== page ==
What is sectioning?
Being sectioned means being detained under a ‘section’ (paragraph) of the Mental Health Act 1983 because doctors are worried you’re going to hurt yourself or other people. You’ll only be sectioned if you’re too unwell to make decisions or understand that you need help.
While you’re sectioned, you can be held in a hospital, or receive treatment while continuing to live at home (known as a community treatment order). If you’re under 18, you should be held in an ‘age-appropriate’ environment, like an adolescent mental health ward.
A personal story about being sectioned
I have lived with mental illness for the past thirteen years and have been admitted onto acute mental health wards five times in total. I have also been a resident at a rehabilitation unit for almost two years.
Many people have an idea of psychiatric units as being chaotic places full of unpredictable people with Hollywood portrayals of mental health illness reinforcing these stereotypes. Movies such as ‘One Flew Over The Cuckoo’s Nest’ bolster this idea that patients are always forced to take medication and are rendered powerless, foaming at the mouth and restrained by strait jackets. Fortunately, strait jackets are not used in the UK but they are still used in America.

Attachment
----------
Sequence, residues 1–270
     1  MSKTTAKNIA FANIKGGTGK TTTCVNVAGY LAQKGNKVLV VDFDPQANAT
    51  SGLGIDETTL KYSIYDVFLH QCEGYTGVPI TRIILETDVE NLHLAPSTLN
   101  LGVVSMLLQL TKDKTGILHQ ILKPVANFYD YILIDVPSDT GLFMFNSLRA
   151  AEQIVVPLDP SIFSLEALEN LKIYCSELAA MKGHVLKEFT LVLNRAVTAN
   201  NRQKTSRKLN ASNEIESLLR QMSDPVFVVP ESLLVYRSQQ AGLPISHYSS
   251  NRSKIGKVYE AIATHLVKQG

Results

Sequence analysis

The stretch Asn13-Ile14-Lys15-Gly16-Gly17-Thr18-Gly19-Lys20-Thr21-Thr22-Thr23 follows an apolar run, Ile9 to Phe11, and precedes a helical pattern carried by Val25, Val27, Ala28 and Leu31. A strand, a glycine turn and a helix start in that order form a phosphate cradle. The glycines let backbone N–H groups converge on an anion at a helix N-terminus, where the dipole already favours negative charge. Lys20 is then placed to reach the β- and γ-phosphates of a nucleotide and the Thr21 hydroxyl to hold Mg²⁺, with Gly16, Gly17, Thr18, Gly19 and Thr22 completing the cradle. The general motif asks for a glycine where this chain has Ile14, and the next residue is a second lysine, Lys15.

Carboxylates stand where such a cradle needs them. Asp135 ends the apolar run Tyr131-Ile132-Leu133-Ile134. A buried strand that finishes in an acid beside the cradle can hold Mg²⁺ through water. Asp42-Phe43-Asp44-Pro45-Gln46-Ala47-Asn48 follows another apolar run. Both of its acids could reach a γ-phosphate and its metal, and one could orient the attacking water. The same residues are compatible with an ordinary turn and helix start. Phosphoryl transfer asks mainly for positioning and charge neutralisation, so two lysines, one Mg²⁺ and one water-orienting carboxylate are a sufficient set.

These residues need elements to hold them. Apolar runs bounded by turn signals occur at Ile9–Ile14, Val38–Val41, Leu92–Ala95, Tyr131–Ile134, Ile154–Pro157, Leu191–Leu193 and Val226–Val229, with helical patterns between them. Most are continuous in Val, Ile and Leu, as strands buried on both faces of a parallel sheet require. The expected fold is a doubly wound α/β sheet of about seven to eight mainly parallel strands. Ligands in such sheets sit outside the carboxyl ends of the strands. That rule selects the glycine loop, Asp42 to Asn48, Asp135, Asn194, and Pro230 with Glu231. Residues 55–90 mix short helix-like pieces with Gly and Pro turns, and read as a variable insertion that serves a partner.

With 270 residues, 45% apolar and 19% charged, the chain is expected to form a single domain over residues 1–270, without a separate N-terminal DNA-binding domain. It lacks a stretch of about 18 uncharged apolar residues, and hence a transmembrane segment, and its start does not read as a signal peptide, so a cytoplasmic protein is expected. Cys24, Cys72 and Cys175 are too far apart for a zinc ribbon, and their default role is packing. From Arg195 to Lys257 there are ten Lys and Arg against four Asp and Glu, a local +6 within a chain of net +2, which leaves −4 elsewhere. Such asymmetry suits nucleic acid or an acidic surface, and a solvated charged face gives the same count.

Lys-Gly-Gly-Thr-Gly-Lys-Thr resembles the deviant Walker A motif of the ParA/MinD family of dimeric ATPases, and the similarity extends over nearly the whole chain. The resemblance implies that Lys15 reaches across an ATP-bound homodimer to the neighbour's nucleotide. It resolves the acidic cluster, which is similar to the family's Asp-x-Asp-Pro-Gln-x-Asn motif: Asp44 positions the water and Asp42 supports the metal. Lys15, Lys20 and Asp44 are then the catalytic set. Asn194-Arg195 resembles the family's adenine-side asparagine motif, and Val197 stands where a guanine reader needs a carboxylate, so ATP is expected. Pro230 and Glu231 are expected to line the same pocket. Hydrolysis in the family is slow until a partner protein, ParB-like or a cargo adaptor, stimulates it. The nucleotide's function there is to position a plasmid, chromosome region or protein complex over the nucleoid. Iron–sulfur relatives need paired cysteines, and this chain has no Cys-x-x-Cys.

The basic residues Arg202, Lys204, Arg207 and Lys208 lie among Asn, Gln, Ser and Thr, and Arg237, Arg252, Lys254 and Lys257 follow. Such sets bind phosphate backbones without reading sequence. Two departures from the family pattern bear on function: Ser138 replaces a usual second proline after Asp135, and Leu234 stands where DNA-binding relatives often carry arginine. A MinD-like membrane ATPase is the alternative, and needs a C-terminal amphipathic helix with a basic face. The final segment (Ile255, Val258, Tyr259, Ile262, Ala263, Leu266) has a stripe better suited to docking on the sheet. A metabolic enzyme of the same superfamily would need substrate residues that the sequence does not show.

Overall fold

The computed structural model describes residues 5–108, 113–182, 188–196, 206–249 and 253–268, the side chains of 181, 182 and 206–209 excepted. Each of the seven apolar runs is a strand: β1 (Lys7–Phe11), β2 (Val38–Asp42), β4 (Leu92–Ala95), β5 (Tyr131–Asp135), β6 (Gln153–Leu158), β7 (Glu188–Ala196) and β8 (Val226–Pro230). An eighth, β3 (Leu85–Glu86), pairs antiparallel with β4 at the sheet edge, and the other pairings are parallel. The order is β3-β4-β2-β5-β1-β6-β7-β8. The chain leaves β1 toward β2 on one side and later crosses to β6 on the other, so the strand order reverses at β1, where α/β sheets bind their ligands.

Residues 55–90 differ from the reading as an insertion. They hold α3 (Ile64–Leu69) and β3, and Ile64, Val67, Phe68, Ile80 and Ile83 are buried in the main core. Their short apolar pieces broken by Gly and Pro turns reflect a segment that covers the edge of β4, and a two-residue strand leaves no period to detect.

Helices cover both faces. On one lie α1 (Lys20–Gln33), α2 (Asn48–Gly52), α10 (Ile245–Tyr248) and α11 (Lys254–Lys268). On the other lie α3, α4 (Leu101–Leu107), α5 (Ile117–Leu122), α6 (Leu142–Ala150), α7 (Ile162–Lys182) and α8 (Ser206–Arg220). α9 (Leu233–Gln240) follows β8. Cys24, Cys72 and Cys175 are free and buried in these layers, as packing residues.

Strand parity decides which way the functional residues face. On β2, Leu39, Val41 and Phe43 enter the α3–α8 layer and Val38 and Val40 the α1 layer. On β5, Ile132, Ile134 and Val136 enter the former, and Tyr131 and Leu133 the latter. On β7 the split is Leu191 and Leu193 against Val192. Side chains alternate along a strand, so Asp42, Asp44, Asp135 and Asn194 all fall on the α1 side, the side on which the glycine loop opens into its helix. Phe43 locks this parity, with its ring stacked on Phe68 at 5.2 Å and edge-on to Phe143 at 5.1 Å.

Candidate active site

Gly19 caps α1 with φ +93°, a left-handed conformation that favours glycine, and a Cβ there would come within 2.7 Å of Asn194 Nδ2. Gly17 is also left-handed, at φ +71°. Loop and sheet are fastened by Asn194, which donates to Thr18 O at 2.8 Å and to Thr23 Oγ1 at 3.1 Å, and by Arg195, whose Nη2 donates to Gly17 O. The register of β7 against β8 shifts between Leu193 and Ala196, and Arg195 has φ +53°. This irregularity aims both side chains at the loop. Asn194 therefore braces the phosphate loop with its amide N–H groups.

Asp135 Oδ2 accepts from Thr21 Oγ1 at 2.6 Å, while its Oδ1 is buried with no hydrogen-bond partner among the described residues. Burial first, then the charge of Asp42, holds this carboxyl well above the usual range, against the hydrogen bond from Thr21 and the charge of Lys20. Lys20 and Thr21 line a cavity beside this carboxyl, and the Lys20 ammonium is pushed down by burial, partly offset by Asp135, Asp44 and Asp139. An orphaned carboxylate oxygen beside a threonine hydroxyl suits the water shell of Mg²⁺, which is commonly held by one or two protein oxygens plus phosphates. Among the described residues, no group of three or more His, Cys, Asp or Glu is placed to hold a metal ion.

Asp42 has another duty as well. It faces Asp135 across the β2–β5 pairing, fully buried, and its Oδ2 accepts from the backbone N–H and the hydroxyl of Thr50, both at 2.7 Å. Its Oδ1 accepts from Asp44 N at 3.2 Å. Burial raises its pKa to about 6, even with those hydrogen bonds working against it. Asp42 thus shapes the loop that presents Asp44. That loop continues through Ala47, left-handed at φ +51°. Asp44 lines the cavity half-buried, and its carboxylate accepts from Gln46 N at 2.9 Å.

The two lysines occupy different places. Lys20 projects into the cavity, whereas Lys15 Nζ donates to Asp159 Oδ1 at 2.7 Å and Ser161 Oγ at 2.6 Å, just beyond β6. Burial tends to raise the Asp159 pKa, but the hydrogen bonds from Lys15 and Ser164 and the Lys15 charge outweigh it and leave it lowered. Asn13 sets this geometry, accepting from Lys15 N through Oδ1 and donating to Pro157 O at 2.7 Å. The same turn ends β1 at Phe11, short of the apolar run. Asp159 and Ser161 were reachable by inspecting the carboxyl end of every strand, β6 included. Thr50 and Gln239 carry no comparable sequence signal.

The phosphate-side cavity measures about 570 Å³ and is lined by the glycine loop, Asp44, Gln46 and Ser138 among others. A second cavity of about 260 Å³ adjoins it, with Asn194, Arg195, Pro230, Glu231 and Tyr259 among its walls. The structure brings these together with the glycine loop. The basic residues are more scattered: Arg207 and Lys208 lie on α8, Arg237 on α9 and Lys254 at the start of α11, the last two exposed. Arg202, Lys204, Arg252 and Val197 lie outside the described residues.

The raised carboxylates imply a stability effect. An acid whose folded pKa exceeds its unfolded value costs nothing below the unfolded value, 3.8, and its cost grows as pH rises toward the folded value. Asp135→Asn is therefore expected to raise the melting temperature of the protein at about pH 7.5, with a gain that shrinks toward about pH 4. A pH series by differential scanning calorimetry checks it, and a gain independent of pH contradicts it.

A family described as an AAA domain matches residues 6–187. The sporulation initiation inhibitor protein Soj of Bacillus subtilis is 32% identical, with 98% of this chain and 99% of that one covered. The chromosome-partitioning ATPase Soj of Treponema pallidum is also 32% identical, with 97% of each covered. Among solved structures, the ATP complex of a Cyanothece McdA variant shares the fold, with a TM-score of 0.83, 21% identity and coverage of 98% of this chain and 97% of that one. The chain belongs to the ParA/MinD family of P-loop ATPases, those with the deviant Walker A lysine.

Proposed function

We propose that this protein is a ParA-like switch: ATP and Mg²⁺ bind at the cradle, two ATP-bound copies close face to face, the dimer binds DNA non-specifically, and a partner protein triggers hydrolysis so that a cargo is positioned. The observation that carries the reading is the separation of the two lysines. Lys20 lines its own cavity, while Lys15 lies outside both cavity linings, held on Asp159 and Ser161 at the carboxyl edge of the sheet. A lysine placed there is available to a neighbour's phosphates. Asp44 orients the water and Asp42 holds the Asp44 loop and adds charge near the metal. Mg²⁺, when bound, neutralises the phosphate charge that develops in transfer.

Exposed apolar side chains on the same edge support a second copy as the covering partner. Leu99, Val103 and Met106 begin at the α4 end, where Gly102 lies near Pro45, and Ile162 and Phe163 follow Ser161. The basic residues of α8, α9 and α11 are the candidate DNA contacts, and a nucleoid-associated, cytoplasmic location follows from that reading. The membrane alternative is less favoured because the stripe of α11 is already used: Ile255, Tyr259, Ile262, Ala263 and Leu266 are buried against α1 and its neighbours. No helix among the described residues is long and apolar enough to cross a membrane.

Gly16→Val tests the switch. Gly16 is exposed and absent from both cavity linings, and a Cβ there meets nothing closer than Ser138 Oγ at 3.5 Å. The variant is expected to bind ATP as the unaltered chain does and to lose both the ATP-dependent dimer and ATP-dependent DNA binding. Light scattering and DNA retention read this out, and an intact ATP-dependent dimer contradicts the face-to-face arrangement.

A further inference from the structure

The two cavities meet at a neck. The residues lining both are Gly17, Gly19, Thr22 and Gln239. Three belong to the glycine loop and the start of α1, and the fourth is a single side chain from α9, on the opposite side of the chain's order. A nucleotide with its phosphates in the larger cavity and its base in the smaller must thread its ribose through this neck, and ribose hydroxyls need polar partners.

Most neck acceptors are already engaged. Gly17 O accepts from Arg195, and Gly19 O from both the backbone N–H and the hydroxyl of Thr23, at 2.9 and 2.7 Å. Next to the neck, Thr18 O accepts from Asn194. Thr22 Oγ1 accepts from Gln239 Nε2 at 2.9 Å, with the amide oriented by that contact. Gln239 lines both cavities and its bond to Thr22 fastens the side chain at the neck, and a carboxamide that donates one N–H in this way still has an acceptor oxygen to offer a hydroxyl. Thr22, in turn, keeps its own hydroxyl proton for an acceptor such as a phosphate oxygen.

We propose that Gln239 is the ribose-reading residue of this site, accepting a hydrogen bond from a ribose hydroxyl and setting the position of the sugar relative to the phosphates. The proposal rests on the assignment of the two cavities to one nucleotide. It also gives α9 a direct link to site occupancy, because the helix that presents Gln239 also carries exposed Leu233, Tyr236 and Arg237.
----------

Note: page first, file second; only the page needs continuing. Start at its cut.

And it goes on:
“Doctors shouldn’t have god-like power over people who are unwell”.
The truth is that mental health wards can actually be quite bright and cheerful. Granted, medication like anti-psychotics can have side effects including lethargy or tiredness, but there are many amazing and inspirational staff and patients on mental health wards. I have met an ex- professor and someone who used to earn £28,000 a week before becoming homeless.
First time being sectioned
It is true that there are elements of truth in these misconceptions. As someone who has been sectioned [detained in hospital] a number of times including being forced to stay in hospital for up to a year at a time, I have experienced powerlessness and a lack of control over my life.
The first time I was placed on a section was easily the most stressful time in my whole life. I actually became more ill due to being sectioned and forced to live a restricted life.